The goal of this section is to calculate the business income/loss for the tax year. Most of the information will come directly from your profit and loss report that we discussed in the previous section. You can easily run this report if you use QuickBooks to complete this section.
4. Fill Out Form 1120S Tax and Payments Section
The purpose of this section is to calculate taxes that are applicable if the corporation was previously a C corporation or if the corporation engaged in a tax-free reorganization with a C corporation. It’s here that you’ll list the estimated taxes you paid during the current year, as well as credits in overpayments from the previous tax year.
Refer to page 16 of the IRS Form 1120S instructions for detailed instructions on what to include in this section.
5. Complete Form 1120S Schedule B
Schedule B of the form consists of 13 questions that require a yes/no response. The questions are primarily centered around the type of entities that have a direct or indirect interest in the S Corp and whether or not payments were made to contractors that would require the filing of IRS Form 1099 that was previously discussed.
IRS Form 1120S Schedule B, Questions 10A and 10B
Question 10 does not pertain to foreign/domestic interests in your S Corp. Instead, it asks if your business had less than $250,000 in both receipts and assets at the end of the tax year. Receipts typically refer to cash sales and other influxes of cash, like loans, lines of credit, or investments.
There are two parts to this question. If you can answer “Yes” to both questions, then you are not required to complete Schedule L and Schedule M-1 of Form 1120S.
6. Fill Out Form 1120S Schedule K
Schedule K is a summary of all shareholders’ income, credits and deductions generated by the S Corp for the tax year. Each shareholder of the S Corp will receive a Schedule K-1 so that they can report their share of net earnings on their personal tax return. The majority of the info needed to complete Schedule K-1 will come from the Income and Expenses section of Form 1120S that we covered earlier in this article.
7. Complete IRS Form 1120S Schedule L
The purpose of Schedule L of Form 1120S, is to provide the IRS with all assets, liabilities and equity of the S Corp as of the end of the tax year. If you use QuickBooks, run the Balance sheet report and use this report to complete this section. If you answered “Yes” to questions 10 A & B, then you are not required to complete Schedule L.
8. Fill Out Form 1120S Schedule M-1
As discussed previously, do not complete Schedule M-1 if you answered yes to both parts of question 10 in Schedule B. The purpose of Schedule M-1 is to inform the IRS of differences between what is reported on the financial statements of a business vs. how much of the profit is taxable. You report these type of differences by reconciling them here.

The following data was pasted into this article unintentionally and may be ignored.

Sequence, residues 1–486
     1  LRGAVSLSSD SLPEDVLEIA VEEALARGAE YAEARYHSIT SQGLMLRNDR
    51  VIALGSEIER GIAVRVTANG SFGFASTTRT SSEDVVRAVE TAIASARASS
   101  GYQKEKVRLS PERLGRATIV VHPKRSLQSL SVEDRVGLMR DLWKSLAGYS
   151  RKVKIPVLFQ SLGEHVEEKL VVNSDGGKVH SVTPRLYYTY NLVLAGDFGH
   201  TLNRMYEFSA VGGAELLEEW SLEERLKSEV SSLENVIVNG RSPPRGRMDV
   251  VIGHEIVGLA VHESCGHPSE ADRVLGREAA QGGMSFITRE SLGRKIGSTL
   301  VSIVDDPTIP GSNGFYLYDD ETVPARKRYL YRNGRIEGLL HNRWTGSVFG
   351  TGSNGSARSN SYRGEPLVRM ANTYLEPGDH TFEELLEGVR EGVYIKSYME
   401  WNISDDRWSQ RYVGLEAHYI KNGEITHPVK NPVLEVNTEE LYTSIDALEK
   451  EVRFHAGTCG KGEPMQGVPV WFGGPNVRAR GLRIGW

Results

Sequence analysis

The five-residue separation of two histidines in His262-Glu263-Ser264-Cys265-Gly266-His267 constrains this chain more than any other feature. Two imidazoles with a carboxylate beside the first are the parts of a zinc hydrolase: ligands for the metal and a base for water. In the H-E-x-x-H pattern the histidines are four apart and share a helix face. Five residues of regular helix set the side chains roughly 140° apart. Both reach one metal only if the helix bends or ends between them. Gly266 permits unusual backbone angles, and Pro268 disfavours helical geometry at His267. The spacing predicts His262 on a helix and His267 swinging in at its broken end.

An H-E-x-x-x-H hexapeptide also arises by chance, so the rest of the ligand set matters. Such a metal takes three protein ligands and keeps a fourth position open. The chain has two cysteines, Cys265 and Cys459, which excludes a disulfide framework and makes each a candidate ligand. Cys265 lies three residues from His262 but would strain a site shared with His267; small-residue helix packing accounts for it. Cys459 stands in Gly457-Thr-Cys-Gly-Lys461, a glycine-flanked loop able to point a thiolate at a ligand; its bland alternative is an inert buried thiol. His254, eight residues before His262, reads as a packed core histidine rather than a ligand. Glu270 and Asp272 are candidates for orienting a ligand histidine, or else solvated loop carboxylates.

These differences are caused by income and expense items that may be reportable for bookkeeping purposes but not necessarily deductible for tax purposes and vice versa. For example, you may record depreciation on your books using the units of production method of depreciation. However, the units of production method is not acceptable for tax purposes.
Therefore, you use the MACRS method of depreciation (which is acceptable for tax purposes) to calculate your tax deduction. You can learn more about depreciation by checking out our general depreciation guide.
9. Complete IRS Form 1120S Schedule M-2
The purpose of Schedule M-2 is to reconcile undistributed net income of the S corp. Adjustments are made in this section for income and distributions that took place during the tax year. The balance at the end of the tax year is how much money you have in the business that can be reinvested in the business or distributed to shareholders.
The Bottom Line
You should now have a pretty good idea of what information you will need to complete IRS Form 1120S. If you’re in the market for accounting software, you should head on over to our free QuickBooks Course. QuickBooks will help you to keep track of all of your income and expenses so that you can have the financial statements you need to complete Form 1120S.
What’s more, to make tax time a breeze, check out TurboTax. You don’t have to be a tax whiz to use TurboTax because it will fill out Form 1120S for you. Get started on your tax return for free and only pay when you file.